The big news of the week was the U.S. Environmental Protection Agency’s proposed rule to limit greenhouse gases from existing power plants, a move that is intended to reduce carbon pollution by 30% by 2030. The regulation is a colossal move for the electric power sector, one that will overhaul the makeup of America’s power plants and strikes at the heart of the coal industry.
EPA chief Gina McCarthy went to great lengths to emphasize the fact that states will have flexibility to meet the targets, using both efficiency on site, but also investments in “beyond the fence” measures such as offsetting pollution by investing in renewable energy.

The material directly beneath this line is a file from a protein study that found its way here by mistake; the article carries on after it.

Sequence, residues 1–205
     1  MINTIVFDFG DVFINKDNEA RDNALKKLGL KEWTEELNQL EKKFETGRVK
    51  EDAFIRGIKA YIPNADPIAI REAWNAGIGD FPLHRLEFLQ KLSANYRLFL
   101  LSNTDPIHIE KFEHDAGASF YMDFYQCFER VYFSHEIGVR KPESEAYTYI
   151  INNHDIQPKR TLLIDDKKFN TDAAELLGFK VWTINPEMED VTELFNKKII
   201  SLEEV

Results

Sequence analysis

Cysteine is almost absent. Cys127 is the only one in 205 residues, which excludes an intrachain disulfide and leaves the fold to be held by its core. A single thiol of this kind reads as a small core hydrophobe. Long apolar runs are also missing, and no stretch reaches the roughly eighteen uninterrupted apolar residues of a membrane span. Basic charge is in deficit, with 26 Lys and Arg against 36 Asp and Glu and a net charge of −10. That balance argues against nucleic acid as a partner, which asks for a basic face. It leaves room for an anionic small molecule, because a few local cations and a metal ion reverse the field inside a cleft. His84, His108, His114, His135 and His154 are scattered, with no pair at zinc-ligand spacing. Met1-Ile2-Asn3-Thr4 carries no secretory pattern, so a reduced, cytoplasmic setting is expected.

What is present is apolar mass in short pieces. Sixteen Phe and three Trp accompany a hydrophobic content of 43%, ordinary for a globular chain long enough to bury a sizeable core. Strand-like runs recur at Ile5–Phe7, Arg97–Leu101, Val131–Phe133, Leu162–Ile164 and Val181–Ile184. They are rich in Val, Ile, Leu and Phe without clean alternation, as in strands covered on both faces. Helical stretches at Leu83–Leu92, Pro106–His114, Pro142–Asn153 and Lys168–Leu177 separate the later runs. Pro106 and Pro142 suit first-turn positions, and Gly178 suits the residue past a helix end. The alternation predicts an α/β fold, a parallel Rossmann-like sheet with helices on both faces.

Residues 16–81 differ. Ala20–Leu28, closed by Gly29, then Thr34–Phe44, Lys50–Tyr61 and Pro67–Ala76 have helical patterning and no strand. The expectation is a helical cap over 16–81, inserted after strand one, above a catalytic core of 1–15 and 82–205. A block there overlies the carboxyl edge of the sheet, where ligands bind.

The mixed reaction by the electric power industry to the June 2 announcement was telling. Utility executives liked the fact that the EPA rule was not rigid; it gives broad leeway for them to find the cheapest way to achieve emissions reductions.
But more importantly, the mixed reaction was the result of how the EPA rule will create an interesting division of winners and losers. Utilities that have invested in renewable energy will be positioned well to meet the targets. Ditto for holders of nuclear power. Interestingly enough, the EPA’s plan depends heavily on a huge increase in consumption of natural gas – so natural gas generators were not exactly outraged at the limits.
The clear and unambiguous loser is coal. Coal producers, owners of coal-fired power plants, and their investors…